Warning: This is going to be a long one! Any piece of literature, be it books, magazines, blogs and even reviews go through several iterations before the editor and author are happy with the content. Whilst this is a fact of life for writers, it usually happens out of sight, leading many to believe the end result is what the author originally intended. Unfortunately, this has happened to me many times throughout my (limited!) experience within the games industry thus far, so today I’m going to go through my latest review (Doom – for those of you who don’t frequent here often) and compare it to my original piece that I submitted. I’m doing this article as I’m concerned about the state of play in games writing and games journalism. Too many times articles are edited to fit a narrative, and whilst that didn’t happen here (my editor keeps to gaming and…

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FUCKKK THE BROKEN AGGEEEE

Disclaimer: The following is an opinion piece. People may not agree with what is being said, but I by all means encourage readers to engage in discussion about the following views and opinions.   I originally wanted to write an article about the frustration I felt towards Double Fine when they announced that Broken Age would be split up into two pieces and the first part would be sold on Steam Early Access. I felt that Double Fine were taking advantage of their fanbase, and were gambling with fan’s money as if no risk is involved. Double Fine themselves had admitted that they had taken their idea to publishers before, only for publishers to turn them down, saying there wasn’t a market for adventure games. For all we know, Double Fine has that entire market already invested in its project, but are acting as if their sales for Broken Age…

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FUCK THE ADVERTISINGGGG

So here’s my confession: I’ve never been to a gaming exhibition. I know it’s strange considering I’ve been passionate about games for most of my life, but alas, it is true. I’ve never got around to planning one out, so after seeing @the_rami tweet that prospective game developers need to go to as many expo’s as possible, I jumped in at the deep end, browsing countless websites that grouped all gaming conventions together. The big one’s like GDC and E3 are both exclusionary, and extremely expensive, meaning there was no way in hell I’d get around to going to one of these within the next few years. I started looking for more consumer friendly shows, one’s that needed no certification to attend; that’s where Eurogamer came in. It was big enough that I’d get a feel for gaming conventions, but extremely cheap: £15 for a day pass was a drop…

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FUCK THE SCAMMERS

The following post is a follow up to my previous post on Ouya’s Free The Games campaign which can be found here: Why I call Bullshit on Ouyas Free The Games campaign successes Today, a marvellous victory has been won for all indies everywhere that want to one day use Kickstarter as a valid investment source. Elementary, My Dear Holmes (made by Sam Chandola), has recently been suspended due to unusual activity on its account (this was the Kickstarter project that had many fake profiles, included a poor lady that has been missing for months and many fake celebrities). Sam Chandola, the creator Elementary, My Dear Holmes has stated in the Kickstarter comments: “We love point-and-click adventure games and this will, by no means, stop us from pursuing Elementary, My Dear Holmes. We are devoted towards the project and will be seeking private equity to finish this up. And I’m…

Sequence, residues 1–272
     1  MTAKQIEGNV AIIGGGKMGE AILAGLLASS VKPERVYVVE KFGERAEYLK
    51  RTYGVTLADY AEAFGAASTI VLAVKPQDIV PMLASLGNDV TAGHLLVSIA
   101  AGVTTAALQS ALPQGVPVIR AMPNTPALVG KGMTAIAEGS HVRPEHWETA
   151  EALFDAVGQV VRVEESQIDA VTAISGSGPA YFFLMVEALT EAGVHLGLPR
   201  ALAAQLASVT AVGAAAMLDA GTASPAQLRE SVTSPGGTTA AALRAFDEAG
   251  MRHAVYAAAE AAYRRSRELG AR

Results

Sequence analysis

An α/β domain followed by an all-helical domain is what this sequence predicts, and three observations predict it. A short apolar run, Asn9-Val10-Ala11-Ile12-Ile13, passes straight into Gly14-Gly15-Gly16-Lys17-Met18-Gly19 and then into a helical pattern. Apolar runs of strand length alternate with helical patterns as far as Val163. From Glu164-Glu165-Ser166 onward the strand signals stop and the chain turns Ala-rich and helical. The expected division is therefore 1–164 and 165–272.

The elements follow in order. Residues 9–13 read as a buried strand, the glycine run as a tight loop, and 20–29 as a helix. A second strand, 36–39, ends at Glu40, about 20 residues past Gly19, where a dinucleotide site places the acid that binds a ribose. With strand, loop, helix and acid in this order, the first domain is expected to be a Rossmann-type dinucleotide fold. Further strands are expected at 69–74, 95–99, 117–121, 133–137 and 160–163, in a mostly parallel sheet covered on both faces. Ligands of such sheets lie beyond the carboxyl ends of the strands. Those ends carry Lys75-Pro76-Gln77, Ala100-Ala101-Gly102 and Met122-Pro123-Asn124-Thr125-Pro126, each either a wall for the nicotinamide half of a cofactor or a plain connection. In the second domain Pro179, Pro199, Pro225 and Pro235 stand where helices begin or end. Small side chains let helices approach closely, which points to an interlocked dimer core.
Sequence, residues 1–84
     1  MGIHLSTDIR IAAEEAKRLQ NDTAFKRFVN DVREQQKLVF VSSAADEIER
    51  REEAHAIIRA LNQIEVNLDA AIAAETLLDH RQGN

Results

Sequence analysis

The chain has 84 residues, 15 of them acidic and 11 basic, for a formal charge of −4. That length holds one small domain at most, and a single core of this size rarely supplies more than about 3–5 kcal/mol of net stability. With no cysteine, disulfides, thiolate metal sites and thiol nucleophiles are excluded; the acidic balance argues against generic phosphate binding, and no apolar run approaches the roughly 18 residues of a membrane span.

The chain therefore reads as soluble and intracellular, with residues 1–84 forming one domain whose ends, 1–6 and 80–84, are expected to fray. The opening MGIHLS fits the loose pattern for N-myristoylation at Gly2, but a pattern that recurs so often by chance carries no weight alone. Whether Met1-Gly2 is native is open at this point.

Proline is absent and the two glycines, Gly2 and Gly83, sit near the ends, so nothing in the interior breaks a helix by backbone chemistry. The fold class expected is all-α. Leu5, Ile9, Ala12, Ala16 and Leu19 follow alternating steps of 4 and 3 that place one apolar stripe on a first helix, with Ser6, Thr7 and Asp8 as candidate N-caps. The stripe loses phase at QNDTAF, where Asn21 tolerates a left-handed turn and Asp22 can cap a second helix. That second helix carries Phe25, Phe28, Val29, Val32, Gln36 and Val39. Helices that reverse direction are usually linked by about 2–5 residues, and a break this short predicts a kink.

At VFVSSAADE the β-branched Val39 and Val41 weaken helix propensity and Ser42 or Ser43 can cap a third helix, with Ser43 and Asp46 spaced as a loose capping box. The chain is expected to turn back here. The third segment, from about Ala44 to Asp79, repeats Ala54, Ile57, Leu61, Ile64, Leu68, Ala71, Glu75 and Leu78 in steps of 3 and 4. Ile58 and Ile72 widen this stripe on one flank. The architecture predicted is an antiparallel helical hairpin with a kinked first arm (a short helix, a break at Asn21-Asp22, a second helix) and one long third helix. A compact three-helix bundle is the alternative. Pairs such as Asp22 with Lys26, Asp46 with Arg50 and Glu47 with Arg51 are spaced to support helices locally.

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FUCK ALL THE FISHESSSS

This morning, I awoke to some seemingly good news coming from my Flipboard news app. Polygon reported that Ouya’s “Free The Games” fund had been successful twice on Kickstarter. I was amazed, astounded even, as never in my wildest dreams would I imagine any game prospect would actually be able to raise $50,000 in funds for an Ouya exclusive game. The news article I read can be found here: http://www.polygon.com/2013/8/27/4664654/first-ouya-free-the-games-campaigns-surpass-funding-goals To summarise, it states that 2 kickstarter campaigns (Gridiron Thunder and Elementary, My Dear Holmes) have successfully got their needed money, and so Ouya will give them 100% extra funding over the course of their development. This is all well and good until you actually take a look at each Kickstarter page: The above, for example, only has 126 backers that have seemingly managed to be the most charitable backers in the entire world. Upon inspection it’s very suspicious: 110 of the 126…

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THE CONTROLLERS SO HUGE!

I start this article by saying that I’ve had the Ouya a few days now, and am thoroughly enjoying the emulation software on it. I’ve managed to get my collection of classic Sega and NES games running perfectly, and it really takes me back to my childhood having a dedicated experience for games. When I emulate games on a PC or laptop, I can easily get distracted due to the multitasking nature they inhabit, constantly switching to facebook to message people or jumping out of a game to look up a news article breaks the immersion video games offer. The Ouya fixes this for me by being on a TV like a dedicated games console, making sure I concentrate on just the game, nothing else. So whatever else I say about the Ouya, I do like it, and feel like has a great (if not scary) future. In this article…

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